Tuesday, May 22, 2018

Undoing: Defense Mechanisms by Sigmund Freud

Undoing is a defense mechanism in which a person tries to 'undo' an unhealthy, destructive or otherwise threatening thought or action by engaging in contrary behavior. For example, after thinking about being violent with someone, one would then be overly nice or accommodating to them. It is one of several defense mechanisms proposed by the founder of psychoanalysis Sigmund Freud during his career, many of which were later developed further by his daughter Anna Freud. The German term "Ungeschehenmachen" was first used to describe this defense mechanism. When translated, it literally means "making un-happen", which is essentially the core of "undoing". Undoing refers to the phenomenon whereby a person tries to alter the past in some way to avoid or feign disappearance of an adversity or mishap.

Freud used undoing to explain some obsessive-compulsive acts, such as a youth reciting the alphabet backwards to undo his sin of sexual thoughts and feelings.


A person may intentionally push past someone in a shop, but realizing that the person was frail, feel guilty with regards to their behavior. They may try to undo their action by apologizing or offering to help the person.

A girl sends a pleasant Valentine's Day card to an ex-boyfriend with whom she broke up. The girl who sends the card feels guilty about having hurt the other person's feelings. The message is, "I am really not such a bad person." A boy who received such a card thought his ex-girlfriend was being sadistic, trying to make him hurt. But Freud would probably say her unconscious purpose was to convince herself that she was not such a bad person.

Some other examples:
·         Lady Macbeth compulsively washes her hands after committing murder.
·         A man who has been unkind to his wife buys her flowers (but does not apologize).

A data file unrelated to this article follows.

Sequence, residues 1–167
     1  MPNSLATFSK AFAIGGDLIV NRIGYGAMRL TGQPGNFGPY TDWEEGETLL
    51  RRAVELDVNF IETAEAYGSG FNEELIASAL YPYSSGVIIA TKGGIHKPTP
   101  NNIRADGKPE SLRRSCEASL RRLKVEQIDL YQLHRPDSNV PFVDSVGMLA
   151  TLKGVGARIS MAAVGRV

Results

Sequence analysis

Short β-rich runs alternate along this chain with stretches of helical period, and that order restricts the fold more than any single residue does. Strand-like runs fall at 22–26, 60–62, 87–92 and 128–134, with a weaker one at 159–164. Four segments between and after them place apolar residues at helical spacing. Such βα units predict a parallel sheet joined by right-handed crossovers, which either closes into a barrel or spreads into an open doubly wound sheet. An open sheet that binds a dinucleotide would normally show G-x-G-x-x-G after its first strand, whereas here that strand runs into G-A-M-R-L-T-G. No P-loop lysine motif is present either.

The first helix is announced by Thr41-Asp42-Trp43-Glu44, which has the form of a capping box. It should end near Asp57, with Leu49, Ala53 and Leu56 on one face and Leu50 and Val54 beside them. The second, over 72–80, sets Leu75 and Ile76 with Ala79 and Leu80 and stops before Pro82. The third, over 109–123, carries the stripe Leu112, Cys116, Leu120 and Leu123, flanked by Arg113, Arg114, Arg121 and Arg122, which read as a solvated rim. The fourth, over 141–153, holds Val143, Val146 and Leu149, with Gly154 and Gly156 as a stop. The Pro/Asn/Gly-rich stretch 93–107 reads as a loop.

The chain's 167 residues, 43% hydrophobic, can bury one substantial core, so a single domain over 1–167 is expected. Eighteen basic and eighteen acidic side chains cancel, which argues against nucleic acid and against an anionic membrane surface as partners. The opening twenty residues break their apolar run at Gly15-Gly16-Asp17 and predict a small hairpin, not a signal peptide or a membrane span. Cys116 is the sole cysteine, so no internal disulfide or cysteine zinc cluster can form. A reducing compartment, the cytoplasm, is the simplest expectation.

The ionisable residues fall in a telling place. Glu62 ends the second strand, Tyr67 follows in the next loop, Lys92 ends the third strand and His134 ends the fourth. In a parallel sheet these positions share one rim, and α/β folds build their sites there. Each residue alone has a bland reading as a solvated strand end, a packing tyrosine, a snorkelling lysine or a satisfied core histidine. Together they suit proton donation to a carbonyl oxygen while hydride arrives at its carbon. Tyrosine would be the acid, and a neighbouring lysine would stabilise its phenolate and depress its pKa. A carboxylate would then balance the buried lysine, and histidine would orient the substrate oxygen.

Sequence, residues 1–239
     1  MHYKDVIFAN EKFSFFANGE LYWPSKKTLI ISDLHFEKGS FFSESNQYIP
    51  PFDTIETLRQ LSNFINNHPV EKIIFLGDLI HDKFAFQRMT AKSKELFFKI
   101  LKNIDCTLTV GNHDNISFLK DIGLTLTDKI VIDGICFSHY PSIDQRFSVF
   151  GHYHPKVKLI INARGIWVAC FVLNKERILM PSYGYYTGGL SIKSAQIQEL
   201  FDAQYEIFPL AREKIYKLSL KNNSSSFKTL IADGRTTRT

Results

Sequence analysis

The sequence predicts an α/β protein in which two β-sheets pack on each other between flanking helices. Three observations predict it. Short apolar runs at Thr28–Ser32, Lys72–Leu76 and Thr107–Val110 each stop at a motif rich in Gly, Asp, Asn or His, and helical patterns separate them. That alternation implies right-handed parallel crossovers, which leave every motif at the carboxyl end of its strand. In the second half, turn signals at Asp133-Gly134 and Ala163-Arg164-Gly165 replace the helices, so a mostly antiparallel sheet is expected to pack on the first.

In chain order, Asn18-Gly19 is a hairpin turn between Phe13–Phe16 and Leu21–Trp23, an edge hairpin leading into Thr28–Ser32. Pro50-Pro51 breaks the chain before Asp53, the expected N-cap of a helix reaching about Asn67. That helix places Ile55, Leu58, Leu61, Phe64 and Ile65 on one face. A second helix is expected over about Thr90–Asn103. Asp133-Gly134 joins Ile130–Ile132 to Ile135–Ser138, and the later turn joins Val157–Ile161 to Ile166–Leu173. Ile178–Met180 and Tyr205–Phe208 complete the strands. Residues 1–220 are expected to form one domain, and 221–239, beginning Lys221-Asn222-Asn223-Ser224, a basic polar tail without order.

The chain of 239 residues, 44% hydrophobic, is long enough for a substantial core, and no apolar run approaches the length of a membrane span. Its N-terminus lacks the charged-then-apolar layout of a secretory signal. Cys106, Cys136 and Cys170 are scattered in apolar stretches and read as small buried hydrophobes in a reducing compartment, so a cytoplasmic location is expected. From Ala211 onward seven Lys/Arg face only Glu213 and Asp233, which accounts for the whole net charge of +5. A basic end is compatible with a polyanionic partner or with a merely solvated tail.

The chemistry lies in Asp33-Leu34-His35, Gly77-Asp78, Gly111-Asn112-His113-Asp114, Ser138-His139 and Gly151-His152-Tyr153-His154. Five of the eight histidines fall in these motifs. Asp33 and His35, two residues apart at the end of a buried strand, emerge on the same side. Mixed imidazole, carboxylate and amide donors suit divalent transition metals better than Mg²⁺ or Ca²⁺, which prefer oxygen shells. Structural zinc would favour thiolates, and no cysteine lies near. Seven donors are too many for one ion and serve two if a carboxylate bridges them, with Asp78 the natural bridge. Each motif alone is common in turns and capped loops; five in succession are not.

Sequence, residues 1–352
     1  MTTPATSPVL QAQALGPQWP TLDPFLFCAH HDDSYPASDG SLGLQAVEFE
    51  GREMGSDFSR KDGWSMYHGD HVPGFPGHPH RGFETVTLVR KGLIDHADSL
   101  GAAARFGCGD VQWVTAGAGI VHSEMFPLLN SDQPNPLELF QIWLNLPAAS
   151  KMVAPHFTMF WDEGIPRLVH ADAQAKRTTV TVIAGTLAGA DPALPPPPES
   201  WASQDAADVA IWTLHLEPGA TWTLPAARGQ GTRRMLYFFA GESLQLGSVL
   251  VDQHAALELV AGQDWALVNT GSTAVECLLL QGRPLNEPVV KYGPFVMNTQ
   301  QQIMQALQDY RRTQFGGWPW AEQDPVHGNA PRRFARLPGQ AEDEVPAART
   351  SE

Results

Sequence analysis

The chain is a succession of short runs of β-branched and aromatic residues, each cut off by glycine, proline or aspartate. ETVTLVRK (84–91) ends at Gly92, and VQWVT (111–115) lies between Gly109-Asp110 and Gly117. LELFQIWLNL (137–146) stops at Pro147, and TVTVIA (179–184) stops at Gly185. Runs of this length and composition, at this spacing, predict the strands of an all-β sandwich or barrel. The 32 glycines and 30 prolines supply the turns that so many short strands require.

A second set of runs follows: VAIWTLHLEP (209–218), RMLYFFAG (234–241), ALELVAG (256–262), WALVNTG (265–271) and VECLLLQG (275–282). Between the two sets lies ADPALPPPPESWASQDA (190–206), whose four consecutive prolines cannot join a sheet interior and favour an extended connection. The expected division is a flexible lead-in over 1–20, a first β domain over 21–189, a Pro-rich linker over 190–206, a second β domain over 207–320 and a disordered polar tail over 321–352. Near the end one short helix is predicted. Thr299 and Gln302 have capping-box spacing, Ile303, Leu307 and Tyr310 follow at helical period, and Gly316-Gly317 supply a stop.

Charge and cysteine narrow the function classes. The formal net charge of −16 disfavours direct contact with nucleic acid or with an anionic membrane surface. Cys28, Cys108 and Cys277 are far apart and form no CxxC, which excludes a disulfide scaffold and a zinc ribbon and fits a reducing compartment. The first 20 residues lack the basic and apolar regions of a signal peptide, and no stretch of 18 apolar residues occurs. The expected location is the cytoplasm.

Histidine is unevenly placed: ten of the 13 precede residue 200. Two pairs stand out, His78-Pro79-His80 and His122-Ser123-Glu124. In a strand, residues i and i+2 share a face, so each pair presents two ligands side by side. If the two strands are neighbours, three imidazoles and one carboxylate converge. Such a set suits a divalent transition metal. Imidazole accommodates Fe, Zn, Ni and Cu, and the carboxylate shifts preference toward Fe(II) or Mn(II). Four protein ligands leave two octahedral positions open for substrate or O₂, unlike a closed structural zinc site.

·         A person who has barged in front of others in a queue holds the door open for them.
·         A teenager who has been rather noisy tidies the room without having to be asked.

Undoing in Grief

When a person has behaved negatively towards someone or had unpleasant thoughts about that person, they may feel guilt. Afterward, they may try and undo their actions by engaging in opposite actions or thoughts. For example, if I said something hurtful to my best friend I may feel guilty and try to balance things out by paying her four compliments.

Undoing can play a role in grief in a number of ways. People commonly feel guilty for the negative things they said or did towards the deceased loved one in the past. However, relationships don’t suddenly become one-dimensional because a person has died; they often remain as multifaceted in death as they were in life. Also, people sometimes die before their loved ones have a chance to make amends, and after they die there are very few opportunities to resolve or undo, what has been said, thought, or done.

Further Implications

Undoing can be used to 'explain away' habits or behaviors that are not in line with an individual's personality. For example, in the case of a person who is well organized in the workplace, yet always forgets to pay bills on time at home, Freudian psychologists could argue that his tardiness with bills is an undoing of his desire to be orderly, or vice versa. Freud has been criticized regarding examples such as this because his theory is so complicated that most problems can be explained by another part of the theory.

For some people undoing can be used to reduce cognitive dissonance, the uncomfortable feeling created when an attitude and an action, or two attitudes are in conflict with one another.

In criminal profiling the term refers to a pattern of behavior by which an offender tries to undo their crime symbolically, e.g. by painting the face of a person killed by the perpetrator, covering up and decorating the corpse with flowers, personal belongings and jewelry, or folding the hands, imitating a laying-out.

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